Christian Siriano's boyfriend, the musician Brad Walsh, wrote a long and impassioned blog post about what he perceives to be the fashion establishment's bias against Siriano's work because he came to prominence on a reality show. Noting that many writers still place Siriano's collections in the context of Project Runway, a show that taped nearly five years ago, mention his Payless shoe collection disparagingly, and at best make back-handed compliments about how Siriano is "shak[ing] off his reality-show roots," Walsh asks, "is it mostly, as I suspect, that he's accomplished all of this without their help? The precious few were told Christian was good — they did not deem him good — which makes their objection to him almost childish." Walsh mentions an encounter with "a reporter from a website that extensively covers fashion" who found the designer, in conversation with Anna Wintour and Carolina Herrera, at the ballet:
When the reporter had her chance at intermission to speak with Christian on the record, her question was "what do you think about mustaches?" The next day, her publication printed Christian's short and bewildered response purposely alongside an unattractive picture of him with his mouth agape, as he was answering the question. Rather than ask "how do you know Carolina Herrera" or "what did you speak to Anna about," she asked "what do you think about mustaches?" To me, that indicates that there's a problem, and it doesn't lie with Christian.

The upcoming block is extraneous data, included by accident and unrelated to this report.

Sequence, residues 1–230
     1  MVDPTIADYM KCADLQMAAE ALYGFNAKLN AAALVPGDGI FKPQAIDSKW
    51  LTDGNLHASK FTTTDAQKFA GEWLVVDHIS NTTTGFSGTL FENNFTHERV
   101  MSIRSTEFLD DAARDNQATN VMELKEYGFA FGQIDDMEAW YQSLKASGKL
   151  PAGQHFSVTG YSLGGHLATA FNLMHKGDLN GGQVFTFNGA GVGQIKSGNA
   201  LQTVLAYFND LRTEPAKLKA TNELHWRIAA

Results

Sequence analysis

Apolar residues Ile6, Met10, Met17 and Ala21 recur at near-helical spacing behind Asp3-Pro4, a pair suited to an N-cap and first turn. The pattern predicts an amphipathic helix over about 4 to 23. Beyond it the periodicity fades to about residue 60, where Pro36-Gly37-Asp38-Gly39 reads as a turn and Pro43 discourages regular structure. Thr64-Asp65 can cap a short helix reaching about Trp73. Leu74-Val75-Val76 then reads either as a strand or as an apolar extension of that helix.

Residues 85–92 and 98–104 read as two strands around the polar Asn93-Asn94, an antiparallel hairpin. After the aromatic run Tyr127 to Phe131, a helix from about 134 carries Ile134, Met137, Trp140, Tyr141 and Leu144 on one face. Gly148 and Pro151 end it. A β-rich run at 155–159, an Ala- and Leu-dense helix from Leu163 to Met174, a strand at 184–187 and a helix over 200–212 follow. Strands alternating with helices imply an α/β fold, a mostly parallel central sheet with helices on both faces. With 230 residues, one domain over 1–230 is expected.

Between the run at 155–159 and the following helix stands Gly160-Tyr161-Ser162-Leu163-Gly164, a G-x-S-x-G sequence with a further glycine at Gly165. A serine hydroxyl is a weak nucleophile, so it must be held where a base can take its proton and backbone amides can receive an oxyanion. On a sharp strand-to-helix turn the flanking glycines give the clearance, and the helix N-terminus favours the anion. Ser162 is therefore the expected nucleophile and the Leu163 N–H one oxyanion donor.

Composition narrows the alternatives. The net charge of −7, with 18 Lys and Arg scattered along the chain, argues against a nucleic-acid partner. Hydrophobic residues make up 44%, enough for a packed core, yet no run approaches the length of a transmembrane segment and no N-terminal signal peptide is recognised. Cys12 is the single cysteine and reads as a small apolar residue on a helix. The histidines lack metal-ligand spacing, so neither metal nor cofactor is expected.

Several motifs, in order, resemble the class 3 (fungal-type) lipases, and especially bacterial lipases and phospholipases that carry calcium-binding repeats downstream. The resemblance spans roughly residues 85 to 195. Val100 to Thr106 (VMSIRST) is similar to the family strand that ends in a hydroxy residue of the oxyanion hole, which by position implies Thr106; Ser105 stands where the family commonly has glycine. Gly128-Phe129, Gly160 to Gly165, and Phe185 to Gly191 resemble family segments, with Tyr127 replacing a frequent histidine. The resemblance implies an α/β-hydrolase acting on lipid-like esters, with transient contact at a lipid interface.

(Googling "christian siriano mustaches" yields a surprising number of results, incidentally, though we were unable to identify this publication or this writer.) Walsh also calls out — but does not name — the work of Meenal Mistry, a Style.com critic who has made some Project Runway digs in her time. But more than any specific writer or publication, Walsh seems interested in critiquing an overall climate of opinion that he regards as lazy and classist — and hypocritical, given that Rachel Zoe and André Leon Talley participate in (much cheesier) reality shows and yet haven't had to hand in their fashion cred cards. (Although it's not true that the stylist Zoe's efforts to launch a licensed clothing line have been met with universal approval from the fashion establishment — it was after all a Teen Vogue editor who called Zoe out for knocking off a vintage dress, a dress that Zoe had actually included years earlier in a shoot for the magazine Zoe herself styled.) Walsh also mentions some critics and publications that have come around to Siriano's work. It's never seemly for a designer to call out a critic (and although Walsh says that Siriano had no input into his post, other than consenting to its being published, he will almost certainly be regarded by some as Siriano's media surrogate), and there are many reasons one could imagine a reporter might ask a source what he thinks of mustaches — not every interview has to be about Serious Issues Of The Day — but Walsh's post is an interesting read. [Brad Walsh]